By Delusional Economics, who is horrified at the state of economic commentary in Australia and is determined to cleanse the daily flow of vested interests propaganda to produce a balanced counterpoint. Cross posted from MacroBusiness
As I wrote early last week Antonis Samaras was to spend much of the weekend in talks with Angela Merkel and Francois Hollande about the future of his nation. As the Telegraph pointed out yesterday the results were, as expected, unconvincing:
Angela Merkel and Francois Hollande pledged to keep Greece in the Eurozone, but offered Greece no immediate relief from its current regime of painful austerity measures.
Both the German and French leaders stated that Greece must stay in the Eurozone, but must first prove that it will enact changes to its economy that satisfy the northern creditors. The statements thereafter made little sense with words such as:
[Greece] has to demonstrate the credibility of its programme and the willingness of its leaders to go the whole way, while doing it in a way that is bearable for the population.
I’m not even sure what that means, but it is very obviously not credible. As I stated in my previous post, Greece’s economy has been shrinking for nearly 5 years, the government deficit is still 9% of GDP, the current account deficit almost 10% of GDP even with an improving balance of trade (which is still negative), unemployment is over 23% and climbing and leading business indicators suggest that worse is yet to come.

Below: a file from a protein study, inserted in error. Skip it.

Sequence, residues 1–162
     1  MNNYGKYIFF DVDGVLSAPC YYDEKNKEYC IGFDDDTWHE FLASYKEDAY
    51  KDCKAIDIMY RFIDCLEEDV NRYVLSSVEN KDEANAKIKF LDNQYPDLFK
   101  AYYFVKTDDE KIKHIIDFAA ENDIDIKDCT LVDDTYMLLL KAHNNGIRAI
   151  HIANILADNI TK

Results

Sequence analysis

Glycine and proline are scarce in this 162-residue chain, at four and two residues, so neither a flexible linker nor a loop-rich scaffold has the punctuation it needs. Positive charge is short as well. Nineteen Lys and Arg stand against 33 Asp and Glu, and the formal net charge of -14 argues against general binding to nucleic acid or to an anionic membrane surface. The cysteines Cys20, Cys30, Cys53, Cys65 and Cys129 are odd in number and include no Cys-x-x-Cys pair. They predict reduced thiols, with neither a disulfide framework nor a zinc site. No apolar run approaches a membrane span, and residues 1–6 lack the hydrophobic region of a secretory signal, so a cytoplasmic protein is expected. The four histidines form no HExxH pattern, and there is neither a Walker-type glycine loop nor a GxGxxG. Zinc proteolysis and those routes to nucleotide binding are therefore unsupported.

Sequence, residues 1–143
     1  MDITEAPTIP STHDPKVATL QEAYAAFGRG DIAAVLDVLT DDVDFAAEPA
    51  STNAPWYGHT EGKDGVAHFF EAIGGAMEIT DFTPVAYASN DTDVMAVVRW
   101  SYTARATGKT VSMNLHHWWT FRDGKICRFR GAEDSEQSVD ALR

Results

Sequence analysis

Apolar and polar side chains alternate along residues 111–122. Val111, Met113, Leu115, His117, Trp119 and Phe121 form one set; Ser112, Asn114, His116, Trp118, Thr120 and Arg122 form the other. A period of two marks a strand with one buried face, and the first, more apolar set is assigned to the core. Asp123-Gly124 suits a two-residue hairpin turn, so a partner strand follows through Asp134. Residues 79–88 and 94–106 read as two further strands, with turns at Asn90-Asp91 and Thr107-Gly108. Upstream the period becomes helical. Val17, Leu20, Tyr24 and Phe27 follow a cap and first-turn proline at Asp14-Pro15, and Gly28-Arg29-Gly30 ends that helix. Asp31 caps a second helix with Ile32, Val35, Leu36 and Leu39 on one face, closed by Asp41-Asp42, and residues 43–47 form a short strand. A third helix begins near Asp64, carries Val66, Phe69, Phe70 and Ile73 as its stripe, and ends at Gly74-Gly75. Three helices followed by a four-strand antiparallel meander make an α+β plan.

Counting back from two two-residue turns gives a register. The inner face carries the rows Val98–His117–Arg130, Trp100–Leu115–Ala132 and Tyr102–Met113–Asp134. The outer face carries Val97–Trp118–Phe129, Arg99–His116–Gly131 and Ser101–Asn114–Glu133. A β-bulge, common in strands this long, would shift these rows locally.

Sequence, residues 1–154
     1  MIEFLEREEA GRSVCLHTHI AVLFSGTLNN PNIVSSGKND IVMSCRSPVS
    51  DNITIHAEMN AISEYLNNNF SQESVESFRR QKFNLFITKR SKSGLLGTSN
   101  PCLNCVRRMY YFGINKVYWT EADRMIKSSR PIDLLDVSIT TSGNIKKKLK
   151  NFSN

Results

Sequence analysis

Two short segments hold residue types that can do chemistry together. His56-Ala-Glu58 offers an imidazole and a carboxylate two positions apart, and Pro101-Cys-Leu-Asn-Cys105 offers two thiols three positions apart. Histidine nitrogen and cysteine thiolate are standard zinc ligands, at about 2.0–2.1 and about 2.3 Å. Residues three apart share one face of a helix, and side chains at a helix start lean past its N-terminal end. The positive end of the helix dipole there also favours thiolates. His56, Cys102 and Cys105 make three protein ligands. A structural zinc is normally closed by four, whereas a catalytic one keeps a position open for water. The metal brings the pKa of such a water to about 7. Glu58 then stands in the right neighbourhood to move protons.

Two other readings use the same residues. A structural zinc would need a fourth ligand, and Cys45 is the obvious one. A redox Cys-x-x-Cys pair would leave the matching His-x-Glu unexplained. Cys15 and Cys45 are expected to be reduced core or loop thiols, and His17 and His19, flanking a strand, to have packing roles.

In order to meet the requirements of the Troika, Greece is expected to cut another €13.5bn from the government budget over the next two years and by doing so will supposedly prove its credibility with the rest of Europe and its own citizens. This scenario is quite obviously delusional, and made more so if we go back 2 years and hear what the then Greek Finance Minster, George Papaconstantinou, said about Greece’s compliance.
“Greece will not need additional measures, especially ‘painful’ measures. I see only one option ahead, delivering on our targets with consistency,” Finance Minister George Papaconstantinou told Sunday’s Eleftherotypia newspaper.
“The recession will be deepest in 2010 and thereafter there will be a gradual recovery,” the minister told the paper. “I remain optimistic and believe we will recover fast.”
Two years on and all that has occurred is the unemployment rate has increased by another 10%, GDP has fallen by about the same and the country remains highly indebted even after a private sector write-down on sovereign debt. Quite simply the policy response has failed miserably and once again Europe has dragged itself back to the point of crisis over Greece.
As I stated in last week’s PMI post, the ability for Europe’s politicians to react is slowly diminishing as contagion spreads to their own national economies. Spiegel reports on the unenviable position that the German leader now finds herself in:
The IMF is taking a particularly hard line in the negotiations. The fund’s envoys feel that Greece’s debts are not sustainable and are threatening to withdraw from the aid program altogether. The only alternative is for the public creditors, in particular the European Central Bank (ECB), to write off a portion of Greece’s debt.
The German government faces a dilemma. Chancellor Angela Merkel had made IMF participation a condition of any Greek bailout, but if public-sector creditors agreed to a debt haircut, it would cost Germany many billions of euros.